defense and information technology industries. In the introduction to their report the authors
state that “new technology trends offer new opportunities. Civil, security and defence
applications increasingly draw on the same technological base – creating new synergies
between different research sectors” (7).iv A later incarnation of this group, the European
Security Research Advisory Board (ESRAB) lay out similar, if not more carefully
constructed objectives. (See Appendix 1) The keyword here is synergy, which allows the
potential for various industries to interact and share knowledge because of a shared
This year the EU has budgeted 1.4 billion euros over a period of seven years toward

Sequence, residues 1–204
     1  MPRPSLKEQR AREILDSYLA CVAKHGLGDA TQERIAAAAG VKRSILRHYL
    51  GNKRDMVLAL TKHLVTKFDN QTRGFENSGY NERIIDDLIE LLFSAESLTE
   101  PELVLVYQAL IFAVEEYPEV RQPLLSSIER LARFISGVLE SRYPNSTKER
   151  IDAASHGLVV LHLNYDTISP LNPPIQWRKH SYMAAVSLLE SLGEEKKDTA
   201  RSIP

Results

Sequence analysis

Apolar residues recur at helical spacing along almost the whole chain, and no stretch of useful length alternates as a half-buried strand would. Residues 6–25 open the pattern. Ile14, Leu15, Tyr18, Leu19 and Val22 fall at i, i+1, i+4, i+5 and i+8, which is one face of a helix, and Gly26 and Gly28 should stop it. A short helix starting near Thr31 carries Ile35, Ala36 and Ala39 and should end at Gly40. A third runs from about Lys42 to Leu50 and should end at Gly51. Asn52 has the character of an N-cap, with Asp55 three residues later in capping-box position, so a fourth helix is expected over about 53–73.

the research and development of technologies focused on security.v Research is concentrated
on the four following areas: improving citizen security, strengthening infrastructure security,
border monitoring and crisis management. The fruits of this research must benefit all
member states, and to do so among all twenty-seven requires significant strides in
information sharing, system interoperability, and enhanced data and communication security.
And yet while huge efforts go into developing infallible information systems for tracking
individuals, the EU is equally reliant on brawn at the border, as evidenced by the creation of
FRONTEX. Surveillance is a big, complicated, and expensive business. In this environment
civil information technology companies collaborate with militaries, arms manufacturers
influence social policy-making, and tools used to monitor climate change give a return on
investment by tracking migratory flows of persons. All for the purpose of keeping the